Ms R Mashigo (ANC) asked whether the HPCSA was involved in granting 'Certificates of Need' to doctors. She also asked whether the HPCSA had a 'Hotline' to receive complaints, and what efforts were being made to address the shortage of health professionals. Ms Mashigo asked about the ratio for patients per medical practitioner in mainly black African residential areas.
Adv Mkhize said that Certificates of Need were an issue dealt with by the Department. The HPCSA was only involved in the designation of the dispensary course. The HPCSA had a call centre, fax and email service to receive complaints. Shortages in health personnel were a human resource issue to be dealt with by the Department. There were 37 000 doctors and dentists - a ratio could simply be obtained by dividing the population by the number of medical professionals available.
Professor Padayachee said that complaints needed to be submitted in written form. This was required from a legal point of view. The HPCSA was taking a hard stance on offences to discourage practitioners from misconduct. Some 90% of doctors and dentists were in the private sector. It was less that more doctors were needed, and more that existing doctors should be incentivised to work in rural areas.
Dr A Luthuli (ANC) was concerned about the interference of medical aid schemes on the autonomy of medical practitioners. She also asked what measures were in place to identify fake training institutions.
Adv Mkhize said that discussions were taking place with the Council for Medical Schemes in order to reach agreement on certain issues. The HPCSA had standard practices and did not accredit fake training institutions.
Mr R Coetzee asked for elaboration on Adv Mkhize's earlier suggestion that certain tertiary institutions had discriminatory admission criteria.
Professor Padayachee said that admission criteria of tertiary institutions were not discriminatory per se. The demographics in various professions needed to be examined, as there was still a tendency for certain professions to be dominated by certain races. Inequalities of the past needed to be addressed, but targets should not be set because these could unduly impact on admission criteria. However, admission criteria should not be unnecessarily exclusive.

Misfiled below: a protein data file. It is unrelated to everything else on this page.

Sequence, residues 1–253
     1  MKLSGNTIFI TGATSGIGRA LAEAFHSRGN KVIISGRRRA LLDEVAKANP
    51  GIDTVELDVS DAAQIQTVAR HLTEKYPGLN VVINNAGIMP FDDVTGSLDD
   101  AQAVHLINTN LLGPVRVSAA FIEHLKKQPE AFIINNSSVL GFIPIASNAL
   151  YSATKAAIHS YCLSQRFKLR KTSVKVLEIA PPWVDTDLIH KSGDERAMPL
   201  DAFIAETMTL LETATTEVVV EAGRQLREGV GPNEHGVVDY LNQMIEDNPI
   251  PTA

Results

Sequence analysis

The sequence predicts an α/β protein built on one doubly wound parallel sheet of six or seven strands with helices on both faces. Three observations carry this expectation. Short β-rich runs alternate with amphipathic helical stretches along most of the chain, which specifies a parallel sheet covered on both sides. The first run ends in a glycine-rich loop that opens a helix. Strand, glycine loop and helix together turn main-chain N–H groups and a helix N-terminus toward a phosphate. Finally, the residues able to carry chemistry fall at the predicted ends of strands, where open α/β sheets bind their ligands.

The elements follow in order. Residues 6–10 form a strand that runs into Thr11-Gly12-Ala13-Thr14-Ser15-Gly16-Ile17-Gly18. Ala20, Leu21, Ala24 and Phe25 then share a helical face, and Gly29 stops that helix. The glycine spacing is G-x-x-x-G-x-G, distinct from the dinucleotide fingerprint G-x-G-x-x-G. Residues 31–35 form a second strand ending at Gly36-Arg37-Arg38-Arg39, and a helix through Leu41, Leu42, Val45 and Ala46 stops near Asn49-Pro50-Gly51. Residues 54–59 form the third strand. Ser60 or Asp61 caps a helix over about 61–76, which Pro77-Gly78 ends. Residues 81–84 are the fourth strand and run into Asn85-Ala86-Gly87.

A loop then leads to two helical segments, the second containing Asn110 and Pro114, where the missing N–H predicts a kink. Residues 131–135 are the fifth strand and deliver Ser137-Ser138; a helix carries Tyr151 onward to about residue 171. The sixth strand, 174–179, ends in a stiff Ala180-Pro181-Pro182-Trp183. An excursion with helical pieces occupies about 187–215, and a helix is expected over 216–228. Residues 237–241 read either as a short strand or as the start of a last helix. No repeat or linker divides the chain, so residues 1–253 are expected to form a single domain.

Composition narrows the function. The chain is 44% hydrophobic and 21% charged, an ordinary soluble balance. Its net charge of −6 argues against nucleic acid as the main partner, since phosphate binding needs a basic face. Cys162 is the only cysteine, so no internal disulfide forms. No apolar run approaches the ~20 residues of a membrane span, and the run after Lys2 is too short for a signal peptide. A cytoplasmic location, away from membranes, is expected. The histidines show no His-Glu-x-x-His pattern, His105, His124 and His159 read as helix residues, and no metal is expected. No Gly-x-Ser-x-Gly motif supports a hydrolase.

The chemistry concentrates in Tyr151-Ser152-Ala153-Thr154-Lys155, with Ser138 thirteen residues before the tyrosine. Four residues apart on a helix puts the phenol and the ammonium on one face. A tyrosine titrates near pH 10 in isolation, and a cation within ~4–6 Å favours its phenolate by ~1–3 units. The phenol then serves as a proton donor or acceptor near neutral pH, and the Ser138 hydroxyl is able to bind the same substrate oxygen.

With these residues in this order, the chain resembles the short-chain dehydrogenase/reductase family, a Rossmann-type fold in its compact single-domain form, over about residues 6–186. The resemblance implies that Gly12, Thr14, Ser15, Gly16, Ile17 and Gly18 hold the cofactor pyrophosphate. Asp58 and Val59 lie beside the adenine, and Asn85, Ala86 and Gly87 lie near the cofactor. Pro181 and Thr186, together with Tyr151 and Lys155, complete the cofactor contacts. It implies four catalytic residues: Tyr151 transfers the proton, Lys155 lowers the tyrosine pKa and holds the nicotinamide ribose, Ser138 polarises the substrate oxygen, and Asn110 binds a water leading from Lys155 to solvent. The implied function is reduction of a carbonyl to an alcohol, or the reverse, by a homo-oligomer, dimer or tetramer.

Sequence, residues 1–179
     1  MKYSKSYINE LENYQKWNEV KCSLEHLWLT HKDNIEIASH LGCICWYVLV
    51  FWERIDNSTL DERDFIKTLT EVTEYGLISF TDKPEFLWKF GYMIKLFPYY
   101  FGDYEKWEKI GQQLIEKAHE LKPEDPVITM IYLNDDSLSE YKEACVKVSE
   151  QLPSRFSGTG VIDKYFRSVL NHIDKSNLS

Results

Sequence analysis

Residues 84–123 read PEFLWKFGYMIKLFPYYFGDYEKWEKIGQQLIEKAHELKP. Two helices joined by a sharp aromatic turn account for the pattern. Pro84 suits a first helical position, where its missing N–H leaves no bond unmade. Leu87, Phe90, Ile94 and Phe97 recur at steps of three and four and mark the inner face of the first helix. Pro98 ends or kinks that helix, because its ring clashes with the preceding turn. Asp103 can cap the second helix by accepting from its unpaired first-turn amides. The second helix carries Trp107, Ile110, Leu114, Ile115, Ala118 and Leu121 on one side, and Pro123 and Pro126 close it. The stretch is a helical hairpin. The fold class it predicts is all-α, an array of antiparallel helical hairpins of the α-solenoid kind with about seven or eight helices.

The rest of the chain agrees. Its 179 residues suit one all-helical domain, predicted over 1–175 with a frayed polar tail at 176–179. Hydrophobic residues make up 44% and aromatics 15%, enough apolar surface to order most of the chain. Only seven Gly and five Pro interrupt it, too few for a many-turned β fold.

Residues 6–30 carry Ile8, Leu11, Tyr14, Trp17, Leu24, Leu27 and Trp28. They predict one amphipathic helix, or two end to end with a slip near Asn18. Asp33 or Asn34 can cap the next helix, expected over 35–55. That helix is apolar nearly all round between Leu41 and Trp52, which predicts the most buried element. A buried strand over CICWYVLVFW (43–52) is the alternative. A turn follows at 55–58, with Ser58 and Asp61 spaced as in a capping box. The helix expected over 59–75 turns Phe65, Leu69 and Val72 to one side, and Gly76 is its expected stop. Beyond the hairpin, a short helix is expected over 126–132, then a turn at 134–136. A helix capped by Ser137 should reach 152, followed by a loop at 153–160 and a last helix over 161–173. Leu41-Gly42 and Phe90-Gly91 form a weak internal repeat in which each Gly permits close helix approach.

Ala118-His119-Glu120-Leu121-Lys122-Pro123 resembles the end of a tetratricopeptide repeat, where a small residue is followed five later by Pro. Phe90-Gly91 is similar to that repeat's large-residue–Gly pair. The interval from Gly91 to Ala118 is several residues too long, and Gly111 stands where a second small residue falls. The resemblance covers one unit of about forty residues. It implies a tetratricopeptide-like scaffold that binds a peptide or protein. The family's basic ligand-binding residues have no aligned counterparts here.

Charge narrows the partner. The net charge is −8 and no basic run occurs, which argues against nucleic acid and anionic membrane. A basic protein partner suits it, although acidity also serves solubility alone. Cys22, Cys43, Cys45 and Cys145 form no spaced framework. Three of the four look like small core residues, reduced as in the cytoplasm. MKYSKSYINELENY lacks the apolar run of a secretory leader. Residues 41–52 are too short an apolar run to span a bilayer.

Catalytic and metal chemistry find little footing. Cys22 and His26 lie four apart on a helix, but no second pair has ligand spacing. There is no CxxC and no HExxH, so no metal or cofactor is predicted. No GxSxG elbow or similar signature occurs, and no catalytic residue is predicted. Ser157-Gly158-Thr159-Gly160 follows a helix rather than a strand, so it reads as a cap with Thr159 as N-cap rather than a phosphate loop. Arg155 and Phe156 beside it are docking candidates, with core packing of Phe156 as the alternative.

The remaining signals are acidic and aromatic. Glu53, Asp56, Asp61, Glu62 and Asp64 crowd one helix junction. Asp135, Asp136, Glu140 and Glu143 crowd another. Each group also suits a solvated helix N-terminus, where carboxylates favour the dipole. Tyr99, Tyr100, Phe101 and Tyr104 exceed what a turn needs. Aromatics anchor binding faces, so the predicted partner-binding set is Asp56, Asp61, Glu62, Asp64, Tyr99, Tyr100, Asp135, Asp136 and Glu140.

Ms M Manana (ANC) asked for a breakdown of the numbers of registered practitioners in terms of racial demographics. Ms Manana raised concerns over the growing numbers of unregistered foreign doctors practising in South Africa.
Adv Mkhize said that he would provide the requested information to the Committee. Foreign practitioners were obliged to take a final examination in order to practise in South Africa, but there was no community posting of foreign doctors. He felt that in instances where foreign doctors were employed in the public sector, they should be posted to those areas where they were most needed.
Ms M Madumise (ANC) asked how South African doctors practising overseas were monitored by the HPCSA. She also asked from where community representatives would be recruited.
Adv Mkhize said that it was difficult to track doctors who had emigrated. Community representatives would be broadly recruited. Training of community representatives would be mandatory.
A Committee Member asked whether HIV/AIDS studies were included in medical faculty curricula. Professor Padayachee replied that it was included from first year until final year.
Dr Cachalia asked if the continuous training and development of practitioners was recognised. He also asked if the outsourcing of professional conduct statistics placed a financial strain on the HPCSA.
Adv Mkhise stated that the ongoing training of practitioners was recognised by the HPCSA. The outsourcing of professional conduct statistics was a financial strain, but that doing this in-house was not practical as the process would soon be completed. It was mainly historical backlogs that were being cleared.
The meeting was adjourned.